Industry sponsorship and publication bias among animal studies evaluating the effects of statins on atherosclerosis and bone outcomes: a meta-analysis.

Anglemyer AT, Krauth D, Bero L - BMC Med Res Methodol (2015)

Egger’s linear regression method. Data from meta-analyses of atherosclerosis studies (a-d) and bone studies (e-h). Plots show the standardized treatment effect plotted against precision (inverse of standard error). In the absence of funnel plot asymmetry, the slope of the regression line will be zero.
© Copyright Policy - open-access
Related In: Results  -  Collection

License 1 - License 2
Show All Figures
getmorefigures.php?uid=PMC4353470&req=5

Fig2: Egger’s linear regression method. Data from meta-analyses of atherosclerosis studies (a-d) and bone studies (e-h). Plots show the standardized treatment effect plotted against precision (inverse of standard error). In the absence of funnel plot asymmetry, the slope of the regression line will be zero.
Mentions: Funnel plot asymmetry was tested using Egger’s linear regression. Across all studies, (Figure 2; panels a, e) there appears to be bias in both atherosclerosis and bone studies. For atherosclerosis studies, the bias coefficient is −4.17 (95% CI −5.61, −2.73; p value < 0.0001), while for bone studies the bias coefficient is −2.43 (95% CI −4.42, −0.43; p value = 0.021). After stratification by funding source, bias (i.e., funnel plot asymmetry) appears to remain in atherosclerosis and bone studies with no industry sponsorship (Figure 2; panels b, f)—bias coefficients: −4.83 (95% CI −7.25, −2.41; p value < 0.0001), −2.80 (95% CI −5.42, −0.17; p value = 0.043), respectively. However, bias is absent in industry-sponsored studies of atherosclerosis and bone outcomes (bias coefficients: −1.56; 95% CI −4.26, 1.15; p value = 0.270. -2.95; 95% CI −6.60, 0.69; p value = 0.180, respectively) (Figure 2; panels c, g). Similarly, bias is absent in studies with no statement of sponsorship (−2.91; 95% CI −5.96, 0.13; p value = 0.088. 3.30; 95% CI −2.11, 8.71; p value = 0.253, in atherosclerosis and bone studies, respectively) (Figure 2; panels d, h).Figure 2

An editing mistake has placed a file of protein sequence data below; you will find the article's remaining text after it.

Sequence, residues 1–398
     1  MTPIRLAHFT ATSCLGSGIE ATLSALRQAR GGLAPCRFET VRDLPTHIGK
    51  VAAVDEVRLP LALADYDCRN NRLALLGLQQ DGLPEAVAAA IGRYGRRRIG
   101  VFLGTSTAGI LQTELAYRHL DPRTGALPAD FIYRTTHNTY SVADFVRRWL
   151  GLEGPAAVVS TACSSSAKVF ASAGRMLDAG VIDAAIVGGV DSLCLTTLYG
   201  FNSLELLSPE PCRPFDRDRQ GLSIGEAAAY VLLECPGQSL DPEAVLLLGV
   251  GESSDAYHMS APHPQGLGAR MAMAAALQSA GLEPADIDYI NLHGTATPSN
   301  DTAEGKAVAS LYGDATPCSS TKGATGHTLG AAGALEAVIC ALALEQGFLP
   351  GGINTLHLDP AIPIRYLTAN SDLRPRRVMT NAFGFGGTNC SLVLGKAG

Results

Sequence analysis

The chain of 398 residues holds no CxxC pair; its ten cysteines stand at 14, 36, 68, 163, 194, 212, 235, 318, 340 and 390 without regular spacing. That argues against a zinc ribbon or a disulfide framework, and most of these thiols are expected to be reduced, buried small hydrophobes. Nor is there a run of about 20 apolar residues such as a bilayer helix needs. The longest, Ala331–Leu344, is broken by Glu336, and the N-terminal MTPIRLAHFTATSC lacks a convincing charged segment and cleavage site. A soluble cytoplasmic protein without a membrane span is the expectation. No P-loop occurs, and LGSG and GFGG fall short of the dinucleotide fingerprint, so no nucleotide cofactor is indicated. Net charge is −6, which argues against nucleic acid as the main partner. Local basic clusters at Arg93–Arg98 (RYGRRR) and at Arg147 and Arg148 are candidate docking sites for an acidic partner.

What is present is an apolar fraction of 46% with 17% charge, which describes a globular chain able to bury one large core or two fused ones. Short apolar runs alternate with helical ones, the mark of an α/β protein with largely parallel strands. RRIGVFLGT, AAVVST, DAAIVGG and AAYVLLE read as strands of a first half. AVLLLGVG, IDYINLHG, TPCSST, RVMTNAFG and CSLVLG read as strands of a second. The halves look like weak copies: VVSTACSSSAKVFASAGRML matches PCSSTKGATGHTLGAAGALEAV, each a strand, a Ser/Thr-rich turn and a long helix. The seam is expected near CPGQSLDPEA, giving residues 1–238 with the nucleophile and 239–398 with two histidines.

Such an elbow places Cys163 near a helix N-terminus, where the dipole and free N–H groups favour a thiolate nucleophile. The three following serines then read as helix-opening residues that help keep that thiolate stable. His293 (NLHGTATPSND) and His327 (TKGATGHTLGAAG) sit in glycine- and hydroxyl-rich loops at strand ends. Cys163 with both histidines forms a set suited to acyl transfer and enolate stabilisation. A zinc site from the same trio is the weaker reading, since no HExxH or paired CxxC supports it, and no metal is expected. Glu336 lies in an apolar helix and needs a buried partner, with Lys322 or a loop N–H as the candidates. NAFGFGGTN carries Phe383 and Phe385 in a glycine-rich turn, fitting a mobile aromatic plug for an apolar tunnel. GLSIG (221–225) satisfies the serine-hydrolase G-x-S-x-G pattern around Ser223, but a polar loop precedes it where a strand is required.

Bottom Line: We conducted two independent systematic reviews and meta-analyses identifying animal studies evaluating the effect of statins on reducing the risk of atherosclerosis outcomes (n = 49) and increasing the likelihood of beneficial bone outcomes (n = 45).We also found that inadequate reporting of sponsorship in animal studies is still exceedingly common.In meta-analyses assessing the effects of statins on atherosclerosis and bone outcomes in animal studies, we found evidence of publication bias, though small numbers of industry-sponsored studies limit the interpretation of the trim-and-fill results.

View Article: PubMed Central - PubMed

Affiliation: Department of Clinical Pharmacy, University of California San Francisco, 50 Beale Street, San Francisco, CA, 94143, USA. Andrew.Anglemyer@gmail.com.

ABSTRACT

Background: The effect that sponsorship has on publication rates or overall effect estimates in animal studies is unclear, though methodological biases are prevalent in animal studies of statins and there may be differences in efficacy estimates between industry and non-industry sponsored studies. In the present analysis, we evaluated the impact of funding source on publication bias in animal studies estimating the effect of statins on atherosclerosis and bone outcomes.

Methods: We conducted two independent systematic reviews and meta-analyses identifying animal studies evaluating the effect of statins on reducing the risk of atherosclerosis outcomes (n = 49) and increasing the likelihood of beneficial bone outcomes (n = 45). After stratifying the included studies within each systematic review by funding source, three separate analyses were employed to assess publication bias in these meta-analyses—funnel plots, Egger's Linear Regression, and the Trim and Fill methods.

Results: We found potential evidence of publication bias, primarily in non-industry sponsored studies. In all 3 assessments of publication bias, we found evidence of publication bias in non-industry sponsored studies, while in industry-sponsored studies publication bias was not evident in funnel plots and Egger's regression tests. We also found that inadequate reporting of sponsorship in animal studies is still exceedingly common.

Conclusions: In meta-analyses assessing the effects of statins on atherosclerosis and bone outcomes in animal studies, we found evidence of publication bias, though small numbers of industry-sponsored studies limit the interpretation of the trim-and-fill results. This publication bias is more prominent in non-industry sponsored studies. Industry and non-industry funded researchers may have different incentives for publication. Industry may have a financial interest to publish all preclinical animal studies to maximize the success of subsequent trials in humans, whereas non-industry funded academics may prefer to publish high impact statistically significant results only. Differences in previously published effect estimates between industry- and non-industry sponsored animal studies may be partially explained by publication bias.

No MeSH data available.


Related in: MedlinePlus